Hendler goes on to discuss the well-known Jeopardy! challenge back in February 2011 during which IBM’s Watson computer took on some the show’s best champions and beat them. The three-day event made headlines around the world and IBM has capitalized on Watson’s success through a series of advertisements. Remarking on Watson’s triumph, innovator and entrepreneur Ray Kurzweil wrote, “The point has been made: Watson can compete at the championship level—and is making it more difficult for anyone to argue that there are human tasks that computers will never achieve.” [“When Computers Beat Humans on Jeopardy,” The Wall Street Journal, 17 February 2011] Hendler admits that IBM used more brute computing force than elegance to win the match. “The techniques developed at IBM work a surprising amount of the time,” he writes, “and many of the sources available on the Web make this match-based process more usable. Unfortunately, there are significant limits to what Watson can do and how far this technique can be pushed.” He goes on to discuss why the ambiguity of language makes the Semantic Web so hard to achieve. He writes:

“The key problem is one of semantics—that is, the meaning of the words and symbols that people use in their day-to-day lives. If someone asks, ‘Can you pass the salt?’ people typically understand that they are not inquiring about a capability but are merely asking for the salt. When told to ‘put the fish in the tank,’ a person would generally look for a container of water and not an army tank or any of the many other things in the world for which the term tank might be used. Human language is inherently ambiguous, with most words having multiple meanings, and the context in which a word is used makes a huge difference to its intended results. Despite the vast number of documents on the World Wide Web, estimated to be in the tens of billions, the context and use of documents remains something difficult to pin down, and even the best programs are limited. Without the context, identifying whether the word Gates is being used to describe a person or a garden item—and if the former, which person—is hard.”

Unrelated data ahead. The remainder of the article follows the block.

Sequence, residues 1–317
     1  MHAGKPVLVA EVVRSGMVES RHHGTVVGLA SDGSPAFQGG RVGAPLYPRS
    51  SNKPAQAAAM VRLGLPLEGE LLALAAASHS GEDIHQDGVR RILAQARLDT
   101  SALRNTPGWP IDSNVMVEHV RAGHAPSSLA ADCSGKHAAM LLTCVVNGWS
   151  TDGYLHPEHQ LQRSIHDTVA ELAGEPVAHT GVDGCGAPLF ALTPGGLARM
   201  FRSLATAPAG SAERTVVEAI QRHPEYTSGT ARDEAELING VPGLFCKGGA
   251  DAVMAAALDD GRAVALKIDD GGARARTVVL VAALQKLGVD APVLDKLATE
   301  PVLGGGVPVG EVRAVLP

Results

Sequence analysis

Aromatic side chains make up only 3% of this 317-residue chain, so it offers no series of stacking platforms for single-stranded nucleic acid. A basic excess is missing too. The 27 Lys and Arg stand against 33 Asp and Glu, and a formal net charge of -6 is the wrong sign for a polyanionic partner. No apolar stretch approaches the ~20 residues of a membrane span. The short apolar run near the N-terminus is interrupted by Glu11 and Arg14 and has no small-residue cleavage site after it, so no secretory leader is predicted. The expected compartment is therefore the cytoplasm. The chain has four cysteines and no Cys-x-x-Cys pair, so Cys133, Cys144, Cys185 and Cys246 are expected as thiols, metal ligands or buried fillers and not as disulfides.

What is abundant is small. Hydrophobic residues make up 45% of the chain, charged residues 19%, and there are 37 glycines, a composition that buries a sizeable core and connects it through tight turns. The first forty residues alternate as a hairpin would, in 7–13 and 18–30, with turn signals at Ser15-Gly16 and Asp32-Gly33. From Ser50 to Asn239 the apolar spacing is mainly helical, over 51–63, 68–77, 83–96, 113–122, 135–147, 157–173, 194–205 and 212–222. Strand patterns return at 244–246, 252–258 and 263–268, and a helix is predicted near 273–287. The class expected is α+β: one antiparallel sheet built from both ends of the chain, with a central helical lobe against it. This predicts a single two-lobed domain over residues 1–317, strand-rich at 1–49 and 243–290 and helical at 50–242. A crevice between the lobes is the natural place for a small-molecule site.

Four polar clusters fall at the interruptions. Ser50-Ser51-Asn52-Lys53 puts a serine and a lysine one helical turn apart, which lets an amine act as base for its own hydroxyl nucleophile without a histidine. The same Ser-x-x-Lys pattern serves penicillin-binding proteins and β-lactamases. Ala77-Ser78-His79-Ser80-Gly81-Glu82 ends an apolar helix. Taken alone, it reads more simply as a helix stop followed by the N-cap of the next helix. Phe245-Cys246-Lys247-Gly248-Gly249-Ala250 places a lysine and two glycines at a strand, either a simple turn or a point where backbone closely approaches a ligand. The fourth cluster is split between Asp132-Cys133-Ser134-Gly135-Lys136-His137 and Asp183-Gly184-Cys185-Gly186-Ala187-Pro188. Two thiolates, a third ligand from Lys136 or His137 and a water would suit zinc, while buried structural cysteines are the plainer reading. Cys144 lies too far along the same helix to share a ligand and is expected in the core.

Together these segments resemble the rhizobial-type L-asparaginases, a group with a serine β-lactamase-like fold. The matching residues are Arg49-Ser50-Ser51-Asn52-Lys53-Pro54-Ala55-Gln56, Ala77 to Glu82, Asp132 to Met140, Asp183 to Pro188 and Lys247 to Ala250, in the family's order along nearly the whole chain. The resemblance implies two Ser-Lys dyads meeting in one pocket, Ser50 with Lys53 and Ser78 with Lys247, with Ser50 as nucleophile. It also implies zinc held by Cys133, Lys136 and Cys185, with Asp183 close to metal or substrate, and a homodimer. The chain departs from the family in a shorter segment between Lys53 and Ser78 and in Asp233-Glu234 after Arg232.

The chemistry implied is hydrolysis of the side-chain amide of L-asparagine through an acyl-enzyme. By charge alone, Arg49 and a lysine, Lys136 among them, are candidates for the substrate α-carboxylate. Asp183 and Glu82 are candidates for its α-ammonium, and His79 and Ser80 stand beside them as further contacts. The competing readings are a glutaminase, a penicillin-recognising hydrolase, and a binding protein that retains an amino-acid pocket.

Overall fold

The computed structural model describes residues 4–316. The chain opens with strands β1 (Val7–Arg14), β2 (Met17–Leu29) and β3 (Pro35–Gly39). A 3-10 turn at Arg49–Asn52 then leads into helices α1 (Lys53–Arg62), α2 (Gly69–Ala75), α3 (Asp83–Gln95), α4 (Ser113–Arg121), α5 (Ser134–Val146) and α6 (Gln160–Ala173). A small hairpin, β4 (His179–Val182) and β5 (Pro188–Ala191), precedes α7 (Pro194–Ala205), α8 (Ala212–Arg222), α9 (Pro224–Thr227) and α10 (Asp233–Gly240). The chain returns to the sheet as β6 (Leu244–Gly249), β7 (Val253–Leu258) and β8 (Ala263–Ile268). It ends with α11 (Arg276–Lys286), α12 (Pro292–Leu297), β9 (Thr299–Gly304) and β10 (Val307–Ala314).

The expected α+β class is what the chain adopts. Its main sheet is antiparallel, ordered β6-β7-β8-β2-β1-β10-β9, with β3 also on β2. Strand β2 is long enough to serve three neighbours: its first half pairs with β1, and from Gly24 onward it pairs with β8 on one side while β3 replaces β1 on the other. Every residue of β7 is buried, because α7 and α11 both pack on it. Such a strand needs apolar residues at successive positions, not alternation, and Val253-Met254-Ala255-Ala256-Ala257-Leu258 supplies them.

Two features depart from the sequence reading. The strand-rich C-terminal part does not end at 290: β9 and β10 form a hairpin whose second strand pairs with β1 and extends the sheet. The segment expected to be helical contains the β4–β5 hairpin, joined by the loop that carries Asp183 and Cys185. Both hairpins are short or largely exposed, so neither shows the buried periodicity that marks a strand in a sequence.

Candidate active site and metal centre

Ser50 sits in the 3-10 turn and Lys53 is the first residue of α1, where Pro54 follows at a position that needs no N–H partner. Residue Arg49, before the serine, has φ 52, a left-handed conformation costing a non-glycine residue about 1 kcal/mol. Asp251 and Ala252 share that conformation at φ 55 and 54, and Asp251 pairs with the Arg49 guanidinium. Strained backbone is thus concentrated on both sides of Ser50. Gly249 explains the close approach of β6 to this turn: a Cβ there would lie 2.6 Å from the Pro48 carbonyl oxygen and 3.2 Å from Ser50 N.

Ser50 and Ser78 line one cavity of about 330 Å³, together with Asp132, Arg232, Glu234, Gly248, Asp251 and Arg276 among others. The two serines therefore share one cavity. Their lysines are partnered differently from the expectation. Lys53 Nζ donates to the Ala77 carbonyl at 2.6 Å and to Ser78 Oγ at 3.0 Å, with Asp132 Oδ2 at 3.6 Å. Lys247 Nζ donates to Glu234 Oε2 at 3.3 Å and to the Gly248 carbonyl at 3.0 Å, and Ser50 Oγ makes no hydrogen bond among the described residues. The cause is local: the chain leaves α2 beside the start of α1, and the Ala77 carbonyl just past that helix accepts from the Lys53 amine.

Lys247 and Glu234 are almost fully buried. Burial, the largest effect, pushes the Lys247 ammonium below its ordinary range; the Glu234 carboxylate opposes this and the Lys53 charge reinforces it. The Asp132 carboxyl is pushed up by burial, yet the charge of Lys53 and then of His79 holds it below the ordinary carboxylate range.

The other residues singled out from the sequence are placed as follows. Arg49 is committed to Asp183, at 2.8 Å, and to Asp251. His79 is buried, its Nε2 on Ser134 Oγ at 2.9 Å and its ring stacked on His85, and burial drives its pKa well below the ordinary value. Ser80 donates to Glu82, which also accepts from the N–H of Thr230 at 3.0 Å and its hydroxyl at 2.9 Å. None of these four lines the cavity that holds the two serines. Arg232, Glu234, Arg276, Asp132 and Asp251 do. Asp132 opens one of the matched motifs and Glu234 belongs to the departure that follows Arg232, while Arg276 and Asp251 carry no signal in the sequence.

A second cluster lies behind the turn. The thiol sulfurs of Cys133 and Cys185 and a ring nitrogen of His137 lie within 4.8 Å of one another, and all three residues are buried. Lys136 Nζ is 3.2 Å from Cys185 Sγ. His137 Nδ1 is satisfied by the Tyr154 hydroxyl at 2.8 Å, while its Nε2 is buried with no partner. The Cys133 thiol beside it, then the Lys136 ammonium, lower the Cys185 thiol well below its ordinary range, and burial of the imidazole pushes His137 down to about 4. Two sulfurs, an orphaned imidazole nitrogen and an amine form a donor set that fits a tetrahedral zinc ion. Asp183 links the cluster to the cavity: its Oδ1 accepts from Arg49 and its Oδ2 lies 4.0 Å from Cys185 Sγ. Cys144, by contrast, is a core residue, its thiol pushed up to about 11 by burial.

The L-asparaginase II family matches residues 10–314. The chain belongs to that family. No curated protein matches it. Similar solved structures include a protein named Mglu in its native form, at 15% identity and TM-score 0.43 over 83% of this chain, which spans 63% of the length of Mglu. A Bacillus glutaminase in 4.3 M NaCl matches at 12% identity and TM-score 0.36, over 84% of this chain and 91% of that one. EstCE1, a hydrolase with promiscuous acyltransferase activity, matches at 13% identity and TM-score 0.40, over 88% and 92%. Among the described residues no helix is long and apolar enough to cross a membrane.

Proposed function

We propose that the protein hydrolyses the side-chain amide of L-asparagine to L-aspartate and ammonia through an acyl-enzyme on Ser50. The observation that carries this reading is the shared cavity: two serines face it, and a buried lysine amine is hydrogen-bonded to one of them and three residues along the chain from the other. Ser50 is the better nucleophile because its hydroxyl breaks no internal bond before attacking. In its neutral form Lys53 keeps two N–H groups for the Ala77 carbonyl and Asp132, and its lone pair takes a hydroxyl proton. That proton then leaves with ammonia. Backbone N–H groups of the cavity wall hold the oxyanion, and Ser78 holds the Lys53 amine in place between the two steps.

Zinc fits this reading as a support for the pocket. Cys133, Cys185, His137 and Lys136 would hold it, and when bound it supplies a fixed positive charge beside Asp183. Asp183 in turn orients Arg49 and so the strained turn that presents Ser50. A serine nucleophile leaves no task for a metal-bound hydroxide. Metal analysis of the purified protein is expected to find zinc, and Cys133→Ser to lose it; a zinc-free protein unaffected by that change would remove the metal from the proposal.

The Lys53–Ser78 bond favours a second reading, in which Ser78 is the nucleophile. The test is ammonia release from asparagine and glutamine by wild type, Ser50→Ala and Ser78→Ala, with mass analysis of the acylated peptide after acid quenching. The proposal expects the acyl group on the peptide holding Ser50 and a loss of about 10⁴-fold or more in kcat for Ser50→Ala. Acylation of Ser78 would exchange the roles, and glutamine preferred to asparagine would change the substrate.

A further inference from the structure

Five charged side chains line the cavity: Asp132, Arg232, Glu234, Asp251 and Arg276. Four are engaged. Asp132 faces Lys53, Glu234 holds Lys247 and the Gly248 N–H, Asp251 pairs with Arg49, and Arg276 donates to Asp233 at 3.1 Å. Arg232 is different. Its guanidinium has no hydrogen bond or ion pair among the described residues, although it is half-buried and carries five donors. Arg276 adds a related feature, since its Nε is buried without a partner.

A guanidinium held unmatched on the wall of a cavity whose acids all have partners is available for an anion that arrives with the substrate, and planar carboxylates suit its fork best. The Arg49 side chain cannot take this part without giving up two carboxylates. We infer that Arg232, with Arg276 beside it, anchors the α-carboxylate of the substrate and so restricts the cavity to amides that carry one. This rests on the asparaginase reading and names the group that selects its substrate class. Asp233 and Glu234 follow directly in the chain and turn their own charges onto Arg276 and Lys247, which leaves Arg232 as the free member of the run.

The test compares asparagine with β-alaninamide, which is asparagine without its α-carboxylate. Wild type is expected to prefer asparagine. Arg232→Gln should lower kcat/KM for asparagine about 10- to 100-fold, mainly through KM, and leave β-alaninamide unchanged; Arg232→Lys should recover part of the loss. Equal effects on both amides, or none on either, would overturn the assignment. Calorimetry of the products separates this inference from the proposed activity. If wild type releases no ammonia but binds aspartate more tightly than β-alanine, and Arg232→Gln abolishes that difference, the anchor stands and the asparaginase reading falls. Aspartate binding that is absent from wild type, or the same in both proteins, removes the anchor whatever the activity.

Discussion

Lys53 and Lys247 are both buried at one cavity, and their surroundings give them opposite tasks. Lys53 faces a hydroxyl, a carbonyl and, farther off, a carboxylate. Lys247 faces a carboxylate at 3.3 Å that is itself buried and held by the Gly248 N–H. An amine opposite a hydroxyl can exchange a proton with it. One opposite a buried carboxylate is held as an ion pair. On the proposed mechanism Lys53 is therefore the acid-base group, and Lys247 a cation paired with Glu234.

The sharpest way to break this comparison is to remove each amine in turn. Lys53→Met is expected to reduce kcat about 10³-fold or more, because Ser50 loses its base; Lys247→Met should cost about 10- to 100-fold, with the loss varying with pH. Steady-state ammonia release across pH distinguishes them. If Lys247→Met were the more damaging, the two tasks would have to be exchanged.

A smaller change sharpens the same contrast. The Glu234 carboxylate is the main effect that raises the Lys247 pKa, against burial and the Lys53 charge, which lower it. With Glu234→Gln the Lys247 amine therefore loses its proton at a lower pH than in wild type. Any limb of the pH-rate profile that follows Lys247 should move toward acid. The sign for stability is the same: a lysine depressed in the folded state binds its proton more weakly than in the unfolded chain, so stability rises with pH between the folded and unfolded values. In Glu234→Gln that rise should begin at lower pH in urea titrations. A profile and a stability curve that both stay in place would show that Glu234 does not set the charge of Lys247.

I agree with Hendler that the world of semantics is complex. I know this because Enterra Solutions currently uses Natural Language Processing to parse out terms used by our clients to help them discover relationships and insights about their business. Hendler continues:

“One technique that has been proving very powerful is for humans to provide ‘hints’ to the computer by making certain kinds of semantics available in online documents. Using a technology known as the Semantic Web, developers putting information on the Web can provide machine-readable annotations that make it clear, for example, whether the word Apple is intended to describe the computer company, the fruit, or something else. These annotations, in the form of embedded markup within a page or ontology descriptions that supply separate information, or metadata, about the items in a document or database, provide powerful techniques that can be used on the Web.”

Hendler notes that the concept of a semantic web was first “envisioned as a crucial part of the Web by its inventor, Sir Tim Berners-Lee, who unveiled his idea for the Semantic Web at the first International Conference on the World Wide Web in 1994, only a few years after he began developing the Web in 1989.” He then discusses how annotations have allowed programmers to start linking databases. He writes:

“The Semantic Web allows more and more of the structured data preferred by computer programs to be made sharable between applications and Web sites. … Linking databases using semantic descriptions has become known as ‘linked data,’ and it is a powerful emerging technology on the Web. As these linked data start to increasingly interact with the semantic annotations on Web pages, new and dynamic techniques can be designed to better match capabilities and needs, to disambiguate complex terms, and to provide for better question answering on the Web.”

Hendler concludes, “Over the next decade users are likely to see the Web appearing to ‘get smarter’ as these new Semantic Web capabilities are more and more widely used.” The following six-minute video by Manu Sporny provides a good primer about the Semantic Web.

The most important thing to note in the comments by Hendler, Berners-Lee, and Sporny is that the Semantic Web involves tagging or annotating data. Many people confuse the Semantic Web with semantic interpretation, which is a much more difficult thing to achieve. I will discuss that topic in a future post.